The Commission for Air Quality Management in the National Capital Region and Adjoining Areas on Monday suggested reducing the use of personal transport, increasing water sprinkling and several other measures to improve the deteriorating air quality in the region, PTI reported.

The commission also said that people mutsk work from home and avoid travelling, unless it is absolutely necessary. It emphasised on the need to adhere to rules for reducing pollution levels. “Future action will necessitate consultation with various stakeholders,” the commission said in a statement, according to the news agency.

It added: “However, at this stage, the commission stresses on the need to strictly enforce existing laws, rules, guidelines, directions and standard operating procedures to minimise air pollution on an emergency basis.”

The commission listed 10 measures in all, India Today reported. They also include preventing burning of biomass and municipal waste, the use of anti-smog guns at construction sites and other pollution hotspots, sprinkling water in dust-prone areas, asking industries to minimise their coal usage and encouraging citizens to flag pollution-related incidents on the Sameer mobile application.

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Earlier in the day, the National Green Tribunal imposed a blanket ban on the sale of firecrackers in Delhi-National Capital Region, as air quality in Delhi remained in the “severe” category for the fifth consecutive day. The ban, which will come into effect from midnight, will remain in place till November 30.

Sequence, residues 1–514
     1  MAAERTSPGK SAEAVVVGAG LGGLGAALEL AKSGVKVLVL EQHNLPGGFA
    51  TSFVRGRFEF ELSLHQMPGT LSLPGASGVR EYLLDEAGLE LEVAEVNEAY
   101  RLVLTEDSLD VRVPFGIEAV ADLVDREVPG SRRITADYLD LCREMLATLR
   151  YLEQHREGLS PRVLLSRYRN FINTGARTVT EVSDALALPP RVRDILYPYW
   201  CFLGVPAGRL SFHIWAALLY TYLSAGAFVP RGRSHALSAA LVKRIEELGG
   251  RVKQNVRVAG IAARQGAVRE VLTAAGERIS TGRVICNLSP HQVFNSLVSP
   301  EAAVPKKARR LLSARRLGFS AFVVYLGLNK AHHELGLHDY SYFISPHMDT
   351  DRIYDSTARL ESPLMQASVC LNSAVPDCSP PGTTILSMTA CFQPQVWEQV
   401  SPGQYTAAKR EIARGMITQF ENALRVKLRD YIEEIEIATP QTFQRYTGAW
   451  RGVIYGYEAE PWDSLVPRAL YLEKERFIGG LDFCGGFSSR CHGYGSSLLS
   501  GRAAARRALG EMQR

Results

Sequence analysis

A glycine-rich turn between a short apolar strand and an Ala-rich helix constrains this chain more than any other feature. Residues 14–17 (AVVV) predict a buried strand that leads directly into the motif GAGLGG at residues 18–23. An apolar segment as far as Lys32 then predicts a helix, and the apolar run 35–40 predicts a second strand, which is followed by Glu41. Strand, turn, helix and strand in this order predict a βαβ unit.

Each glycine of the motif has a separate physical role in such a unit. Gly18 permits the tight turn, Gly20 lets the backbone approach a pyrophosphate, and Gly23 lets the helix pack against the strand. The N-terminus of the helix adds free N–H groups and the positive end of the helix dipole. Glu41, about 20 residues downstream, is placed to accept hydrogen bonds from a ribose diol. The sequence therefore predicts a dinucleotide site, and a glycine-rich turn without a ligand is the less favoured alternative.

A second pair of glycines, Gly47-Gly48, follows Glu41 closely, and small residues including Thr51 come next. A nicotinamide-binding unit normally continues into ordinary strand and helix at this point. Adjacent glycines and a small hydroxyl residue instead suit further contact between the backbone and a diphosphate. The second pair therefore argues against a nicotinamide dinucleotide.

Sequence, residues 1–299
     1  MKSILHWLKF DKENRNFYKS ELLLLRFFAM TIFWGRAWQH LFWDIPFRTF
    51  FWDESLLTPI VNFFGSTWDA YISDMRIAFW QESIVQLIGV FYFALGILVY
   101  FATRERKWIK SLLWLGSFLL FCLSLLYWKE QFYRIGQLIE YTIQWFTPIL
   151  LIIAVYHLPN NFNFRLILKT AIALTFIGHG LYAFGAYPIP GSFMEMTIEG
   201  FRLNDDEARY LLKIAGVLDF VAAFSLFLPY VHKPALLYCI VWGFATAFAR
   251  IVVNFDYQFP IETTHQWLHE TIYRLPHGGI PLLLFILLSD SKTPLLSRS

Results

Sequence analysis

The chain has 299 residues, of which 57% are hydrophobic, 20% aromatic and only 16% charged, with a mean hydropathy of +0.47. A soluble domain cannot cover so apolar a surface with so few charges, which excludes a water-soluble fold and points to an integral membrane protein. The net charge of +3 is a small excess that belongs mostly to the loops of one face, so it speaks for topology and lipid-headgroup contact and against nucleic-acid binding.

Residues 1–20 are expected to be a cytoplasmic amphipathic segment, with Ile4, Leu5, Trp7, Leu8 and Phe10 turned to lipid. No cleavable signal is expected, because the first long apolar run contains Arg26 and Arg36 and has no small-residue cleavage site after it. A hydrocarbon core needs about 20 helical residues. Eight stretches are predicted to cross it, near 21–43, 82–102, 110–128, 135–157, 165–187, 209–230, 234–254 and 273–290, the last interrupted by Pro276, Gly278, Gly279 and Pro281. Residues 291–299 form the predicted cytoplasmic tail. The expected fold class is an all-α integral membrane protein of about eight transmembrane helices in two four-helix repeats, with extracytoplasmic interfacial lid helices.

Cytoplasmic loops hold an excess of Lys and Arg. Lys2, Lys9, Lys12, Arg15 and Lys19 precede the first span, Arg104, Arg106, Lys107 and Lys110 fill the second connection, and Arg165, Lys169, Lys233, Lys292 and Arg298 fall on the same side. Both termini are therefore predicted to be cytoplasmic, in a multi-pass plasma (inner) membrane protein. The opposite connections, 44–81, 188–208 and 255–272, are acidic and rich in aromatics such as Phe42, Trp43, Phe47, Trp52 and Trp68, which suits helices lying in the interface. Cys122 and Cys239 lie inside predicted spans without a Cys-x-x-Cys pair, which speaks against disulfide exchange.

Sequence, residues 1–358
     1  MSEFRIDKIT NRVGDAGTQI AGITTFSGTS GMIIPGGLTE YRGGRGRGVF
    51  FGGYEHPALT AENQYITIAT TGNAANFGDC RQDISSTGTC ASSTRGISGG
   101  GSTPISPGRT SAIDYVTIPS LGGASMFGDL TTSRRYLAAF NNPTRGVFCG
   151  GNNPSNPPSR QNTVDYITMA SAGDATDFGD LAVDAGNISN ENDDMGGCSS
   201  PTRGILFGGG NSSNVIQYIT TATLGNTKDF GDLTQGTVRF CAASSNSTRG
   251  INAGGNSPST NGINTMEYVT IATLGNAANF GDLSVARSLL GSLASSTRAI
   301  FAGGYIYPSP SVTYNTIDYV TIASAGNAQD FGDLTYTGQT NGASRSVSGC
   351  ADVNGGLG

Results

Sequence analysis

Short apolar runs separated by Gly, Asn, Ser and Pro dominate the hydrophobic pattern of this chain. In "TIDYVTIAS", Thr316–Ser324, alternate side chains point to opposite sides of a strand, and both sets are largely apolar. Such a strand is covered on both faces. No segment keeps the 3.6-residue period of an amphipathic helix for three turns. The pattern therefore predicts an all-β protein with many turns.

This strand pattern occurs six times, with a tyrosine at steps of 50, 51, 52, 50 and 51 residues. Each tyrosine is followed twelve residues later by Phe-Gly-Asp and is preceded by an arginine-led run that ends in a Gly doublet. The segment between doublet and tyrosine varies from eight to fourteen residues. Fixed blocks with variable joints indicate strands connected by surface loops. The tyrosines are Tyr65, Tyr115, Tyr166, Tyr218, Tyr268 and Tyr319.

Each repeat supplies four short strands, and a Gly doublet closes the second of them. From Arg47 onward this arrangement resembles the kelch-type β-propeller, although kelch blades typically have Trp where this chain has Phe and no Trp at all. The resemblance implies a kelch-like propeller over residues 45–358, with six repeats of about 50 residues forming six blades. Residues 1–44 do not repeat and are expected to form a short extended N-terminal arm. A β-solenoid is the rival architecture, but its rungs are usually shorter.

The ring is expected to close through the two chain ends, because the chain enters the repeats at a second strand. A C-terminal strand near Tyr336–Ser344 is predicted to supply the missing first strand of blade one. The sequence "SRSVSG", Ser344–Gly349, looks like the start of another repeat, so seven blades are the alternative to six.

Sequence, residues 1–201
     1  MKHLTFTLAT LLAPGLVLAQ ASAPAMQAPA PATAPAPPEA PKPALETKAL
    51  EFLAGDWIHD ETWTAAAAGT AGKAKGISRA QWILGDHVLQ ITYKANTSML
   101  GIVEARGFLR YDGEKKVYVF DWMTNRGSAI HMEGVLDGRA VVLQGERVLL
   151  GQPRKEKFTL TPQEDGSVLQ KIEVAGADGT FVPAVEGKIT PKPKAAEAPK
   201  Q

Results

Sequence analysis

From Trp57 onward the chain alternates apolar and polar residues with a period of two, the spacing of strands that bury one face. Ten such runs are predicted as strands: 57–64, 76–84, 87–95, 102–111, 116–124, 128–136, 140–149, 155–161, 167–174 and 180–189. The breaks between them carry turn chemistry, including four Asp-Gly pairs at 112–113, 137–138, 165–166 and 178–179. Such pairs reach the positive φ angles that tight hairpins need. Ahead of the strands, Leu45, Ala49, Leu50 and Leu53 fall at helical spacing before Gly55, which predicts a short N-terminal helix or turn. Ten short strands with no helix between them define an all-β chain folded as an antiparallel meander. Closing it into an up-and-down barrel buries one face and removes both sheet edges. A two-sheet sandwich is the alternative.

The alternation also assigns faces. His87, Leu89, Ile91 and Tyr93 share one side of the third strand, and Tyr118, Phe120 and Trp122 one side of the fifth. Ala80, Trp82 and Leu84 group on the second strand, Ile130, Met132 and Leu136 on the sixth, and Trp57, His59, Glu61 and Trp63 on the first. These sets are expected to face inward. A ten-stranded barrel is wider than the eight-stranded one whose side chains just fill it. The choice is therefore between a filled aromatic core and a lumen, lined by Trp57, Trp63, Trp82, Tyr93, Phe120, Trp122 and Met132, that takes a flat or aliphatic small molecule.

Delhi Environment Minister Gopal Rai said that people found bursting crackers during the restricted period can be sentenced for up to six years in jail, NDTV reported.

The commission to monitor air quality came into existence last month, as President Ram Nath Kovind approved the Centre’s ordinance to establish it. The commission replaced the Environment Pollution and Prevention Control Authority as the top body for monitoring air quality.

Delhi’s air pollution typically worsens in October and November due to farmers burning off stubble in neighbouring states, unfavourable wind speed and traffic fumes in the city. Firecrackers ignited for Diwali exacerbates the problem.

This year’s haze comes amid the Capital’s fight against a new surge in coronavirus infections. Health experts fear that people with chronic medical conditions could become more vulnerable to the disease. Delhi on Sunday recorded its highest single-day increase in cases with 7,745 new infections in 24 hours. With this, the national Capital’s tally rose to 4,38,529, including 41,857 active cases and 6,989 deaths.

File photo: Rashtrapati Bhavan and other government buildings are obscured by pollution in Delhi. | Money Sharma/AFP

With fears growing about rising infections, Delhi Chief Minister Arvind Kejriwal had last week banned firecrackers this month during Diwali.

Besides the Capital, the Karnataka and Chandigarh governments also took similar decisions on Friday, followed by, Odisha, Rajasthan, Sikkim and West Bengal administrations who had made the announcements earlier.

The state government of Haryana had also initially imposed a complete ban on the sale of firecrackers ahead of the festival. However on Sunday, Chief Minister Manohar Lal Khattar said that people in the state would be allowed to burst firecrackers for two hours on Diwali. Use of firecrackers would be allowed only between 8 pm and 10 pm on Diwali and Gurpurab, and from 11.55 pm to 12.30 am on Christmas and New Year’s Eve, an order from the Haryana government stated.